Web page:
PowerGen supplies natural gas to the joint venture under the terms of a toll process agreement (TPA) under which PowerGen pays CDC a capacity fee based on the availability of the CDC plant. In return, PowerGen gains the income from the electricity generated. The TPA also places certain obligations on PowerGen to operate the plant in a way which will facilitate Siemens’ development activities.

PowerGen supplies the gas to CDC from its general gas portfolio, part of which derives from long-term supplies already contracted by PowerGen. Although PowerGen has no long term gas contracts associated directly with the supply of gas to CDC, it does manage the total gas requirements of CDC, including day-to-day management of the gas markets. In effect, this is a toll process agreement in which PowerGen take the electricity and gas market risks in return for the market rewards.

Project philosophy

With a view to proving commercial operational performance and competitive market penetration, technological advances for Siemens’ new large utility gas turbines as well as in-service O&M strategies and economic optimization will be tested in fully commercial, competitive field service conditions over significant service life duration in the United Kingdom electricity supply industry.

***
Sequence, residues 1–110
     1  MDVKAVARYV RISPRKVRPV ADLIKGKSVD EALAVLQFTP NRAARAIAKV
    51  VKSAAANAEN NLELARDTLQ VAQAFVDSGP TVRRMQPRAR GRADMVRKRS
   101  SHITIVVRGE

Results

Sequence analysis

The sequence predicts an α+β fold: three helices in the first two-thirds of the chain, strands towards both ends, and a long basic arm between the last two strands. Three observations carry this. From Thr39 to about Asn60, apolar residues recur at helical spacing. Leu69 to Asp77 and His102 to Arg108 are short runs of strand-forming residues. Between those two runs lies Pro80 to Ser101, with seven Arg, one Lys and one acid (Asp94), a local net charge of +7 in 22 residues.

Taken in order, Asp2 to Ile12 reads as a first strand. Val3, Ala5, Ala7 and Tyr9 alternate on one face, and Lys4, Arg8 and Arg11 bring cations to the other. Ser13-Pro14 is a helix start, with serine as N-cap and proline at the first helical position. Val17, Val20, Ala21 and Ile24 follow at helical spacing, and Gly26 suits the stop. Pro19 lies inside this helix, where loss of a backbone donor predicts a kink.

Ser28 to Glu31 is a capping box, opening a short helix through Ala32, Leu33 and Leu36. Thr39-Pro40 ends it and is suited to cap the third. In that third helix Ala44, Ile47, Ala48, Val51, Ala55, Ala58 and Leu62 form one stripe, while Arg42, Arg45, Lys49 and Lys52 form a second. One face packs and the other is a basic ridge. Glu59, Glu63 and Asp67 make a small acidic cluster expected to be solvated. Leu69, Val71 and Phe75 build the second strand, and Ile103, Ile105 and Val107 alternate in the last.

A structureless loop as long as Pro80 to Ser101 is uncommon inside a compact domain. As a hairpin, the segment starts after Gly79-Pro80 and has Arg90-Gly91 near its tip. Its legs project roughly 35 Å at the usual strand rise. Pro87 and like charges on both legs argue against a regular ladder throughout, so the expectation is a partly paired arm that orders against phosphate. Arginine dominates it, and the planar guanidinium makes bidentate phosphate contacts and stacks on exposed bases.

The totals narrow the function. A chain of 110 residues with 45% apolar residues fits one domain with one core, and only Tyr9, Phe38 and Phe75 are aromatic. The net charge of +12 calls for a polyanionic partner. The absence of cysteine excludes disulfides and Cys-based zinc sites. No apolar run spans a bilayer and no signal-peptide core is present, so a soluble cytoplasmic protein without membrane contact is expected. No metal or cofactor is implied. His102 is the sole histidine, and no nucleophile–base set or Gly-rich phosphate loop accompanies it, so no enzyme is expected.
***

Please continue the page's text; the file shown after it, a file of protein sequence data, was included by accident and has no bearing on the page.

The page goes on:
Equally as important as the gas turbine development, a new, first-of-a-kind, concept of once through heat recovery steam generator will be tested in actual service. Optimization of the entire combined cycle system will also be a major function of the development programme.

The facility is located near to the site of PowerGen’s 2000 MWe Cottam coal fired power station, some 17 km north-west of the city of Lincoln in the heart of England’s most intensely power station populated region between the South Yorkshire and Nottinghamshire coal fields. It will have to compete with coal fired power plants which are now fully amortized and therefore supply electricity at little more than the cost of the fuel and very high availability.